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ing before your appointment. Grab a friend or family member to role play. “This is your body and your health. Anything you don’t understand — whether it be a medication you’re on [or] a diagnosis,” she said, “empower yourself to ask these questions.” I don’t feel like my health care provider is taking me seriously. What should I do? If this happens, Shaffer says the best course of action is to first talk with the provider who is making you feel this way. A simple miscommunication could be to blame or your doctor could have just been having a bad day, she said. Most providers would be upset to hear that a patient had a frustrating experience with them and would take steps to address the situation, she said. But if talking things out doesn’t work, or if this experience becomes a pattern, Shaffer suggests changing providers. “It’s so important that patients feel comfortable and feel like they’re being heard,” she said. Any tips for caregivers and family members? Before arriving at an appointment, Collins said caregivers should make sure the person they’re accompanying has all of the tools they need to maximize their experience at their doctor’s office. Do they have their hearing aides? Glasses? Is an interpreter lined up for them, if they need one? It also helps limit confusion if a family designates one “point person” to communicate with their loved one’s health care provider, rather than have two or three relatives calling to provide information, Shaffer said. Collins encourages caregivers to avoid answering questions for the person they are accompanying to an appointment. She added they should also respect that person’s privacy and their dignity, step out of the room for a while if you can tell the person you are See APPOINTMENTS, 17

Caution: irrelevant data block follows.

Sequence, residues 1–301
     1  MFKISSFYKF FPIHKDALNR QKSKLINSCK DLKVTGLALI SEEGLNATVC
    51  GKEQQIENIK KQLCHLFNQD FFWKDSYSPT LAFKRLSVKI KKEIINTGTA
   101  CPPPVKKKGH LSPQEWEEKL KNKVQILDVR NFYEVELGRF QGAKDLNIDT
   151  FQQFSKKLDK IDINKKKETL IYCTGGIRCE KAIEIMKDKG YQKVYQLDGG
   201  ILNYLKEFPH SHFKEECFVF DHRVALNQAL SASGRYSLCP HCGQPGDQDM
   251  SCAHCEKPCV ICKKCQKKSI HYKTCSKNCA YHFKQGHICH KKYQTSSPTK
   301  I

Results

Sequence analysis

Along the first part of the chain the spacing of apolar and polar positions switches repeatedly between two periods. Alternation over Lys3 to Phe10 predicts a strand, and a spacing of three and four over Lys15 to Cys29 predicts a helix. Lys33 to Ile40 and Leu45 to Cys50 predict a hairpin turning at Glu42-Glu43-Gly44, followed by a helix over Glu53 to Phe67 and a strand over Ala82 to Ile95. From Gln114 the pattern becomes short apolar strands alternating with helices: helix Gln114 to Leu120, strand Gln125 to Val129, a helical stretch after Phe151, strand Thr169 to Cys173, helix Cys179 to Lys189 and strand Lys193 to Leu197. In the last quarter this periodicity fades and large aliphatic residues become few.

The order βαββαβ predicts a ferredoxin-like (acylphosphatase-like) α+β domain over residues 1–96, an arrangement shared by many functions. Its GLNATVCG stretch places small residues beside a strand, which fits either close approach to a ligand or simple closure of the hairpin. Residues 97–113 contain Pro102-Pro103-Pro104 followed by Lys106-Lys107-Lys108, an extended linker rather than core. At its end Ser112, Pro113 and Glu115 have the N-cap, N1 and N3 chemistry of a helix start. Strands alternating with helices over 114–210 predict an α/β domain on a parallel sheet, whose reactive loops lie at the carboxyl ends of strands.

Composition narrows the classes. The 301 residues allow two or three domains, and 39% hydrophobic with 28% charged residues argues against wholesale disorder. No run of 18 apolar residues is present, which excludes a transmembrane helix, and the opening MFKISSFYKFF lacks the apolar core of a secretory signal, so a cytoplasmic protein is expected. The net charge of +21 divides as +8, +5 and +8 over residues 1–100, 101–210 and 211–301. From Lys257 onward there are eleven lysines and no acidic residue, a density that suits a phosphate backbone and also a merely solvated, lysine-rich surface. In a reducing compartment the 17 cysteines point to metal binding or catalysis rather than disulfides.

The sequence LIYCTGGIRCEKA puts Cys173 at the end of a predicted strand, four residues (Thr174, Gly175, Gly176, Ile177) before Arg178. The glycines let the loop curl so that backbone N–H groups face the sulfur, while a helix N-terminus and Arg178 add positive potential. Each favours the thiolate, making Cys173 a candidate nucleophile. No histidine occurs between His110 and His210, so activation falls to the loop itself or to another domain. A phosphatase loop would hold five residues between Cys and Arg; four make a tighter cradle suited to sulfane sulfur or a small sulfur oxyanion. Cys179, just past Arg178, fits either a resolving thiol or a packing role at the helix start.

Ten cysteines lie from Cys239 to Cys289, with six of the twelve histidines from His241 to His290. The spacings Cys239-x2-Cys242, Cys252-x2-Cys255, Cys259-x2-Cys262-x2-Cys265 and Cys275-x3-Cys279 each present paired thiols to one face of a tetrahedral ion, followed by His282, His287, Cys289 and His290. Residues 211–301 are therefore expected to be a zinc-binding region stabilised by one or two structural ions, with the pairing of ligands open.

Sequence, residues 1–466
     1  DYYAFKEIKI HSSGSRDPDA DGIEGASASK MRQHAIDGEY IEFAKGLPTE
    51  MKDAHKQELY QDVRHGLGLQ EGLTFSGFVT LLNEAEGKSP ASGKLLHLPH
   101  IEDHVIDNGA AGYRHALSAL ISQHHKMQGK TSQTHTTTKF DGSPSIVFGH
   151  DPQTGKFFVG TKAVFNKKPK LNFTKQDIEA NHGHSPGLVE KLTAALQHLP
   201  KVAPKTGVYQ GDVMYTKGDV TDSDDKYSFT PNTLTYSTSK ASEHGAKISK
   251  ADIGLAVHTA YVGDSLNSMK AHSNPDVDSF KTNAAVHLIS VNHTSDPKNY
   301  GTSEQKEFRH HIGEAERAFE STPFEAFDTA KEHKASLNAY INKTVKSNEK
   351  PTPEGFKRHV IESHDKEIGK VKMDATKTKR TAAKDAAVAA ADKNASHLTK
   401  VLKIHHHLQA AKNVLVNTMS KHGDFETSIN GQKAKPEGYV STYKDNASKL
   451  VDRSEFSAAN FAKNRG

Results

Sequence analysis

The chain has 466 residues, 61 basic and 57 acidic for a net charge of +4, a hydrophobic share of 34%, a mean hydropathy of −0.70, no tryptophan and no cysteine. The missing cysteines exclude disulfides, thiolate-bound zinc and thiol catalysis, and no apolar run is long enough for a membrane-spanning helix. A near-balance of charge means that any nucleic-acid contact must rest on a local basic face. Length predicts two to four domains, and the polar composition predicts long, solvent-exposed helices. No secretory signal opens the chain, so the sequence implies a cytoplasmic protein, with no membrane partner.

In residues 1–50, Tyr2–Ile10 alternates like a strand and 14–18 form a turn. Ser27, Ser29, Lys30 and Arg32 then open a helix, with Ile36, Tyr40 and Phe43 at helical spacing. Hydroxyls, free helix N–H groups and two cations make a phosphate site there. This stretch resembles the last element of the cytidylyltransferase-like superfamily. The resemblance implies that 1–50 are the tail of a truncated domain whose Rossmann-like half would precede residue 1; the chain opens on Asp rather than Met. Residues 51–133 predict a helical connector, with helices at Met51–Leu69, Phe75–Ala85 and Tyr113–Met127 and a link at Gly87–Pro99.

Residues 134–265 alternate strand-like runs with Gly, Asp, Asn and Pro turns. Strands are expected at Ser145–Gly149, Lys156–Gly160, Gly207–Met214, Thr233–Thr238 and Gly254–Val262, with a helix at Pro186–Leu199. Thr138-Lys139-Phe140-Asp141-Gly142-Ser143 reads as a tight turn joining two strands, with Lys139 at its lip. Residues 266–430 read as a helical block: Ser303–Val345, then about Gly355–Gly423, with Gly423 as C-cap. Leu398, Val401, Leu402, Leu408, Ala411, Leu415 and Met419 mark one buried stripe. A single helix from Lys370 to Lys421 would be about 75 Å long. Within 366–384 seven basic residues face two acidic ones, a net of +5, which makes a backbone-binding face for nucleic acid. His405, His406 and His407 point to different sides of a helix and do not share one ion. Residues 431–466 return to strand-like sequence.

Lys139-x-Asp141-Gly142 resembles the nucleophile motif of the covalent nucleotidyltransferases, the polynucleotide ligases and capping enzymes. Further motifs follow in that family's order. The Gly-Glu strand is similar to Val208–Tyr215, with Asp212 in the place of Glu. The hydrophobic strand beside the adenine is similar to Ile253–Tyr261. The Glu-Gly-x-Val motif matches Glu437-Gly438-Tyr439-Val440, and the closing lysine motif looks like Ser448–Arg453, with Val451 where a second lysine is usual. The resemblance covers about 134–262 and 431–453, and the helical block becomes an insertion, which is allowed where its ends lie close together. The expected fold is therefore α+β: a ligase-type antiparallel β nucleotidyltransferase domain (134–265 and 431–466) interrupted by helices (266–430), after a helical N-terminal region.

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LIVING

Lend a Hand